In practice, this entailed efforts to reform legal systems along American lines based on the belief that transplanting US institutions to the Third World ‘would hasten progress towards modernity’ (Krever 2018: 188-189). Specific projects sought to reform courts and legal procedures to make them more efficient, and to professionalise judges and lawyers to enhance the impartiality and legitimacy of the legal system (Tiede 2018: 416). At the same time, the movement highlighted the crucial role of law in macroeconomic coordination for development. Given the centrality of the state in ISI, law and regulation were seen as crucial instruments to channel economic actors – public and private – towards its goals. Accordingly, law and development projects focused on training programs in universities and legal schools to encourage policy-oriented lawyering (Trubek & Santos 2006: 5). The aim was to create a new type of ‘modern’ lawyer: a pragmatic, instrumental problem solver, who would help policymakers develop and enforce laws and regulations, advise state-owned enterprises on how to realise their goals, and counsel private clients on how to operate within the developmental parameters established by the state (Trubek 2006: 75). Law was treated as central to development, an instrumental tool to transform society by removing ‘traditional’ barriers to modernity, with lawyers the social engineers carrying out this process (Messick 1999: 126). Once successful, this ‘legal development’ would result not only in economic growth, but also secure the broader benefits of modernity, such as democracy, human rights and freedom (Gupta 2015: 329; see also Tappata Valdez in this volume).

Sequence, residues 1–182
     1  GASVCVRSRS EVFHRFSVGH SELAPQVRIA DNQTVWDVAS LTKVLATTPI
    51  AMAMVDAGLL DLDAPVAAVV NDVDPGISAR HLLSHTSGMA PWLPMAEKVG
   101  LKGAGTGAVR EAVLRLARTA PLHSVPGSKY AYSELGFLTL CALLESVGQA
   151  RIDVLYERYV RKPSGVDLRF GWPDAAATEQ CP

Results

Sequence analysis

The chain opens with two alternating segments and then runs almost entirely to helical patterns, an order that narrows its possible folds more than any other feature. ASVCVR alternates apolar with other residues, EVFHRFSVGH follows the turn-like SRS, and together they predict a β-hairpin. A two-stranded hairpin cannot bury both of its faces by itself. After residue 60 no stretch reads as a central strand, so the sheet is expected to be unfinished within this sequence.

While the law and development movement championed the importance of a modern legal system for stimulating economic growth, the international community also recognised that crime represented a potential consequence of modernization. As they launched ambitious developmental projects, Third World countries saw an increase in recorded criminal activity. For example, between 1962 and 1978, crimes against the person in the developing world increased by 444 per cent, while property crimes increased by 523 per cent (Arthur & Marenin 1995: 196). The attribution of this increase to economic development was once again influenced by modernization theory, and the work of American criminologists and sociologists who were themselves influenced by Emile Durkheim’s work on anomie (Durkheim 2014; see also: Blaustein et al. 2018). The fundamental idea was that as societies industrialised and became more complex, traditional bonds of solidarity broke down in new urban centres, while new normative systems of social control lagged behind. Accordingly, people’s aspirations and goals, increasingly influenced by consumerism, were not effectively regulated by traditional societal norms, and ultimately exceeded society’s capacity to satisfy them. Criminality was thus understood to represent one possible response to the social disorganisation and the strains created by modernization (Clinard & Abbott 1973; Shelley 1981).